1.01 POLITICAL BACKGROUND
The Isle of Man is situated in the north of the Irish Sea between the Northwest of England, the Southwest of Scotland, and Northern Ireland. It has an area of 570 square kilometres (220 square miles) and is approximately 56 kilometres (35 miles) long and 20 kilometres (13 miles) wide at its broadest point.
Population and Language
The population of the Island is approximately 74,000, of whom about one-third live in Douglas, the capital. The spoken language is English.
Constitution and Law
The Isle of Man is not part of the United Kingdom, although its head of state as Lord of Man is the British sovereign, who is represented in the Island by a lieutenant governor. The Isle of Man is self-governing in all respects except foreign policy and defence, and has its own parliament, Tynwald, which claims to be the oldest legislative body in the world. Laws passed in the United Kingdom do not affect the Island unless specific clauses to that effect are inserted, in which case Tynwald will, where necessary, duplicate the British legislation with Acts of its own. The Island's legal system is largely based on that of England and Wales, and the influence of English case law is strong.
The taxation system in the Island is entirely separate from that of the United Kingdom, apart from value added tax which is charged in accordance with the same law that applies in the United Kingdom.
The Isle of Man has a special relationship with the European Union (EU). Under Protocol 3 of the United Kingdom's Treaty of Accession to the EU, the Island is within the EU but is effectively excluded from all provisions of the Treaty of Rome other than those relating to free trade in agricultural and industrial products within the Community. In particular, it is not subject to EU regulations aimed at the harmonisation of tax, corporate, and other laws, except where they concern the common customs tariff and some agricultural levies. The Island is a member of the OECD.
The Island's currency is the pound sterling (£ ), which is divided into 100 pence. The Isle of Man Government issues its own notes and coins; these are interchangeable in the Island with UK currency, but are not accepted in the United Kingdom other than by banks.
1.03 GOVERNMENT INTERVENTION IN THE ECONOMY
The Island's economy is dependent on international influences especially on the performance of the United Kingdom economy. Inflation and interest rates generally follow UK trends.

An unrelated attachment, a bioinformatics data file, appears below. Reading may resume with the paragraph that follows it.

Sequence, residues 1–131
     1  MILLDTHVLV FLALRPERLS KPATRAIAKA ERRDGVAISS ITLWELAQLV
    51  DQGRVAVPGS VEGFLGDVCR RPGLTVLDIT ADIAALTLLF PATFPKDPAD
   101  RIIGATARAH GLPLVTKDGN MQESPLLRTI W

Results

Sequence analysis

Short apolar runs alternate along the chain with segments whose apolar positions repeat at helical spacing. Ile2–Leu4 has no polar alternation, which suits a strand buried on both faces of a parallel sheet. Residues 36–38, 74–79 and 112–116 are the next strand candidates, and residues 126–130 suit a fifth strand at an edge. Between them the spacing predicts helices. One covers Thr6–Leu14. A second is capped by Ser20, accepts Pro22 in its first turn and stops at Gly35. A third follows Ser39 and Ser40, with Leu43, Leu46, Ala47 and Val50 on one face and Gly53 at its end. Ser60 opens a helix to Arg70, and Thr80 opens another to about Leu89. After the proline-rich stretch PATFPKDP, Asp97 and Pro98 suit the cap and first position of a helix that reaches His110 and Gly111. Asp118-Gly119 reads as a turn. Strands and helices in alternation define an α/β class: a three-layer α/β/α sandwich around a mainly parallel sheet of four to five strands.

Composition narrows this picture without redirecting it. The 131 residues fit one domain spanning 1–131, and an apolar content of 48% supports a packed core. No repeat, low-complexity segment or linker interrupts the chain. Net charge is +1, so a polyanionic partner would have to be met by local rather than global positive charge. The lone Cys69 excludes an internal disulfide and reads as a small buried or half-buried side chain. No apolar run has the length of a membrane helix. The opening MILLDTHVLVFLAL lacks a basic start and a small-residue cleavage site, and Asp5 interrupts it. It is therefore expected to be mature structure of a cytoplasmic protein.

The Government has been instrumental in expanding the economic base from a dependence on tourism by encouraging growth in the financial sector and manufacturing with low rates of taxation, grants and loans available to new investors. The Island is now a particularly attractive location to high value added manufacturing concerns.
State ownership is limited to the electricity and water supplies, the airport and shipping terminal.
1.04 GOVERNMENT ATTITUDE TOWARD FOREIGN INVESTMENT
The Isle of Man is an established financial centre, particularly in the fields of banking and insurance.
The Manx government actively promotes the Island as a commercial and industrial centre. In addition to campaigns in the United Kingdom and Europe, the government has broadened its search for new investment. The establishment of a Freeport on the Island, the only one in Europe to be situated in a low-tax area, is encouraging investment from overseas.
Among the Island's advantages as a financial centre are its good communications with the United Kingdom, the relatively low cost of real estate (commercial as well as residential) and labour compared with the UK mainland and other offshore financial centres, its political stability, and the ready availability of expert financial, marketing, and other professional services. The Island, compared to some other offshore jurisdictions is relatively sparsely populated. It thus has plenty of space to enable further development. The Island, being an associate member of the European Union, also enjoys the advantages of a free trade area containing some 350 million people.
In addition, the Island can be used as a centre for the management and control of tax-exempt companies. Such companies, and any non-residents in receipt of benefits from them, are not liable to Manx income tax (see "Exempt Companies" under "Offshore Business"). Following the implementation of the Exempt Insurance Companies Act 1981, the Isle of Man also became an attractive location from which to operate insurance business, especially that of captive insurance companies (see "Exempt Insurance Companies").
Legislation also exists to exempt the whole or part of the profits or income of a managed bank from liability to income tax. (See tax exempt managed banks.)
Industrial developments with a high added value element (such as microelectronics) are particularly welcomed.
The information given is not exhaustive and is based on conditions existing at 5 May 1999. Readers are advised to consult with professionals, such as independent accountants, legal counsel, and investment bankers, before taking any formal action. Deloitte & Touche would be pleased to discuss specific problems.